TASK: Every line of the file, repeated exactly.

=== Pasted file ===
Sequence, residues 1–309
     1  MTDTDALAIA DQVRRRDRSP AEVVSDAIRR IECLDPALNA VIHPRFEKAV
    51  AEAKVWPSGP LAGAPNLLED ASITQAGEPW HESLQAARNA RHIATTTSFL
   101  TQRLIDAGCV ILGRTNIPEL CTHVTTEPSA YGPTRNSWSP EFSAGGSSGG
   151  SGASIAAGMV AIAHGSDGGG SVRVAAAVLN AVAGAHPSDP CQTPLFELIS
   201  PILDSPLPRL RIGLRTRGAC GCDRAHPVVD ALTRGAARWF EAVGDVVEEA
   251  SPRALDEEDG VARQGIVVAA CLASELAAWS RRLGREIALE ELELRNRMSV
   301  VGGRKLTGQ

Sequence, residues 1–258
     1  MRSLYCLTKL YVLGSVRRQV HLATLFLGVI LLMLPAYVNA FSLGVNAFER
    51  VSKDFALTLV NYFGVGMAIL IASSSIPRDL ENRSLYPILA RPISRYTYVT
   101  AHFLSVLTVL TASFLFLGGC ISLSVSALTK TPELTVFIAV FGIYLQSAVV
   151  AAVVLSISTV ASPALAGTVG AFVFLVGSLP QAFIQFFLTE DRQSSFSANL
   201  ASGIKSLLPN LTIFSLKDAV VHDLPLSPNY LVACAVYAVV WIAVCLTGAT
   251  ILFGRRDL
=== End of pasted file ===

Sequence, residues 1–309
     1  MTDTDALAIA DQVRRRDRSP AEVVSDAIRR IECLDPALNA VIHPRFEKAV
    51  AEAKVWPSGP LAGAPNLLED ASITQAGEPW HESLQAARNA RHIATTTSFL
   101  TQRLIDAGCV ILGRTNIPEL CTHVTTEPSA YGPTRNSWSP EFSAGGSSGG
   151  SGASIAAGMV AIAHGSDGGG SVRVAAAVLN AVAGAHPSDP CQTPLFELIS
   201  PILDSPLPRL RIGLRTRGAC GCDRAHPVVD ALTRGAARWF EAVGDVVEEA
   251  SPRALDEEDG VARQGIVVAA CLASELAAWS RRLGREIALE ELELRNRMSV
   301  VGGRKLTGQ

Sequence, residues 1–258
     1  MRSLYCLTKL YVLGSVRRQV HLATLFLGVI LLMLPAYVNA FSLGVNAFER
    51  VSKDFALTLV NYFGVGMAIL IASSSIPRDL ENRSLYPILA RPISRYTYVT
   101  AHFLSVLTVL TASFLFLGGC ISLSVSALTK TPELTVFIAV FGIYLQSAVV
   151  AAVVLSISTV ASPALAGTVG AFVFLVGSLP QAFIQFFLTE DRQSSFSANL
   201  ASGIKSLLPN LTIFSLKDAV VHDLPLSPNY LVACAVYAVV WIAVCLTGAT
   251  ILFGRRDL